11 So now Jesus is the one who sets God’s children apart in order to serve him without exclusion. That is, he is the one who makes us holy. Holiness is not some kind of spiritual status we attain or merit badge we wear to impress ourselves. He is the sole source of the holiness. And this is why he isn’t ashamed to call us his brothers and sisters -- even though as broken and self-fixated people we too often act shamefully. Jesus is busy transforming us from sinful to holy. 12 As the psalmist testifies in Psalm 22:22 --
When the brothers and sisters gather, I will praise you, Lord, in their midst.13 Likewise, Jesus says (quoting the prophet Isaiah in the Greek translation of Isaiah 8:17-18),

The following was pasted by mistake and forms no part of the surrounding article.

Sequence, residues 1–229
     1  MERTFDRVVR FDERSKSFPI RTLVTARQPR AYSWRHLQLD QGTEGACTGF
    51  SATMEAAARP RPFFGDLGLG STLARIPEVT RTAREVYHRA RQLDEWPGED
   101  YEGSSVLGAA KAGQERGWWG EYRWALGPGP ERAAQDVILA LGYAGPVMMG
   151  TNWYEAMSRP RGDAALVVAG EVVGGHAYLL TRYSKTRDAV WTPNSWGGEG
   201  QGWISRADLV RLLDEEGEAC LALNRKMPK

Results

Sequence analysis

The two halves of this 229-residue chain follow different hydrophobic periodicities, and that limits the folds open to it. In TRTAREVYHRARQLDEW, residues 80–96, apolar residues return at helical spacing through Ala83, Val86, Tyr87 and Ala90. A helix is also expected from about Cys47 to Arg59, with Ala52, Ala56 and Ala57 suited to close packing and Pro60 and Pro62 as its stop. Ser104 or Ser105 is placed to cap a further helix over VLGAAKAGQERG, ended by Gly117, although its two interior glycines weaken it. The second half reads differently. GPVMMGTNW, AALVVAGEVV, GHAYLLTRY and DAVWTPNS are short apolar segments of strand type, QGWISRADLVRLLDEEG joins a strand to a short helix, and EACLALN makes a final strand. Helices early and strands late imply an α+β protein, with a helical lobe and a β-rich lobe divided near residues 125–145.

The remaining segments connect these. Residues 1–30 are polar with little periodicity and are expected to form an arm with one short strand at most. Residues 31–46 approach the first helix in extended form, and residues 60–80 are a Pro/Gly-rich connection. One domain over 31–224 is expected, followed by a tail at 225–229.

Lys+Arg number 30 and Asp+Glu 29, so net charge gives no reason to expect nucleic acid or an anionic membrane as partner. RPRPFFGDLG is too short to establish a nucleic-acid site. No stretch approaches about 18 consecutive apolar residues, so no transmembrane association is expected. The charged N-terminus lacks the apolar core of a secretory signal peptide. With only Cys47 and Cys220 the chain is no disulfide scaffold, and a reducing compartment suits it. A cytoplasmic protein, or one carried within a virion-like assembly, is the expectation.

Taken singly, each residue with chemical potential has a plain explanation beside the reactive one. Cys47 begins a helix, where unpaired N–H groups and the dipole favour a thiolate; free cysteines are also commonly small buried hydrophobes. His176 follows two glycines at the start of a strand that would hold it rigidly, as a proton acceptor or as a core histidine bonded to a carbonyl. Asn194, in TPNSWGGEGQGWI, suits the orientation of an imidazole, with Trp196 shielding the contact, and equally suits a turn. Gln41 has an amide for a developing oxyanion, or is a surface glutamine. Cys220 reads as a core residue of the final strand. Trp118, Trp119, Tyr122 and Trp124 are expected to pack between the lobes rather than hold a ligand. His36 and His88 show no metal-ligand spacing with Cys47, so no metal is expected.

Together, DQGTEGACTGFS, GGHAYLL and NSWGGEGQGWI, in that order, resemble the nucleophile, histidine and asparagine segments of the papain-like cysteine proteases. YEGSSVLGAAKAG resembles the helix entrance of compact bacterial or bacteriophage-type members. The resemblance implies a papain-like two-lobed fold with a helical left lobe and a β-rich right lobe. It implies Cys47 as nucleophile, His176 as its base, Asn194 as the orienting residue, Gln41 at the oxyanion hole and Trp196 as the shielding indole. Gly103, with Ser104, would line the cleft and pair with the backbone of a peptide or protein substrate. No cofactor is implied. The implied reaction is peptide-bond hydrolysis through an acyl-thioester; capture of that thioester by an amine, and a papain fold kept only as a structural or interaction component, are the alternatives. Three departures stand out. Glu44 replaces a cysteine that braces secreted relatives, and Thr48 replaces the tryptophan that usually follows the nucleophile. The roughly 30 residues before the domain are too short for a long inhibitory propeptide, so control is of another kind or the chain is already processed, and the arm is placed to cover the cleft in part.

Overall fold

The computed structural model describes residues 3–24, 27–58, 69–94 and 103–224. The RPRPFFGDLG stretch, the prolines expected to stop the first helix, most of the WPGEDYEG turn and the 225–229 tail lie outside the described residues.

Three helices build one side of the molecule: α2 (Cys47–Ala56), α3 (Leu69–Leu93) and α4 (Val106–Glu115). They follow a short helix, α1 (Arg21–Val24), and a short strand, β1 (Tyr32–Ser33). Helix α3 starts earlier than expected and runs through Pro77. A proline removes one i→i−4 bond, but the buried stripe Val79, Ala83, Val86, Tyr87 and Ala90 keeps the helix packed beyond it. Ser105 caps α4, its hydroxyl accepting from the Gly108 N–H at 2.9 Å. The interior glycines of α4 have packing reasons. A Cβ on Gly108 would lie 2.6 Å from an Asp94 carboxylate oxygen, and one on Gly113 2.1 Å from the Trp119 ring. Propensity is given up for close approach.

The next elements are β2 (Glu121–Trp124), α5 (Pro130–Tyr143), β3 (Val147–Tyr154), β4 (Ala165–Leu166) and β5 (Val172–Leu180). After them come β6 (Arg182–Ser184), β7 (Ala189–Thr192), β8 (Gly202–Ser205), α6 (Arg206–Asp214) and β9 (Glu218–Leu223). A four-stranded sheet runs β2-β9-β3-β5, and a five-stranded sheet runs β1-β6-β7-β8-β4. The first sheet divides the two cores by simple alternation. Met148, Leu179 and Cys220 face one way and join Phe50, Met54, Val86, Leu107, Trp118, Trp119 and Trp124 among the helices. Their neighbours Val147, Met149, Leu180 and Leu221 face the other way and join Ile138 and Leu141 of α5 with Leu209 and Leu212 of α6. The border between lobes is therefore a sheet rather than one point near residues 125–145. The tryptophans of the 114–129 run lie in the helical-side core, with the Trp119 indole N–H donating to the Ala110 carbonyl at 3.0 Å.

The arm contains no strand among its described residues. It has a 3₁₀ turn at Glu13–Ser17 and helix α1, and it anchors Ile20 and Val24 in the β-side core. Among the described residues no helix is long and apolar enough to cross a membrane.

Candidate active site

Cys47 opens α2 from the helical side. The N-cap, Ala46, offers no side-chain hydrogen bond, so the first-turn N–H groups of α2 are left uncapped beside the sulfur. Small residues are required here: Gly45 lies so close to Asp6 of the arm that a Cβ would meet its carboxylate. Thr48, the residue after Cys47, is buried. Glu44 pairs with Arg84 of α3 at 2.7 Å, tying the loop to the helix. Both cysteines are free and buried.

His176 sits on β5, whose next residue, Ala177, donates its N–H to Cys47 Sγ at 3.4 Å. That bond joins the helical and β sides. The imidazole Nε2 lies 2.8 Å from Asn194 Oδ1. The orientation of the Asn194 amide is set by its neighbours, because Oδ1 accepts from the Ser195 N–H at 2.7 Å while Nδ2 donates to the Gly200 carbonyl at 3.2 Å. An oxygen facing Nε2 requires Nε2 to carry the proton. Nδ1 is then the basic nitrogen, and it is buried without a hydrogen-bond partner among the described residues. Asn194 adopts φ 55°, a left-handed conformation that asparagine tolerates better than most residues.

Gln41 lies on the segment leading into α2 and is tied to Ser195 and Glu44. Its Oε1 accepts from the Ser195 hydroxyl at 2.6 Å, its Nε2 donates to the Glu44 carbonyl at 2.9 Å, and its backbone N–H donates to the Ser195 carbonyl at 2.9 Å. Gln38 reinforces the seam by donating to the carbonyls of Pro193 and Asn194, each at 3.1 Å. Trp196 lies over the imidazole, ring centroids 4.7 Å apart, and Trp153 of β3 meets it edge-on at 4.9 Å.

I will rely on God. Indeed, I’m not the only one. I’m here with the children God has given to me.14 Since we children are flesh and blood beings it makes sense that Jesus would also take on flesh and blood in order to share in our humanity. In this way he was able to beat the devil, who had a death grip on us. Jesus did this by attacking at ground zero -- death. 15 When he entered the realm of death he was able to extricate us from its power and break us out. All who existed with the ominous shadow of death hanging over their lives are now set free from having to concern themselves with such a permanent fate. 16 Jesus did not conquer death in order to help angels. No this isn’t about settling some distant cosmic dispute. Rather he did it to help people like us -- the very human descendants of Abraham. 17 This is why he had to become like us -- a total flesh and blood sibling. In this way he could act as God’s high priest and pour out divine mercy on us. Through his faithfulness Jesus cleaned us up -- blotting out the sin stains from our humanity. 18 Furthermore, he has positioned himself to help us when we are tempted to sin. You see, since he suffered through such temptations himself he is able to help us maneuver through them.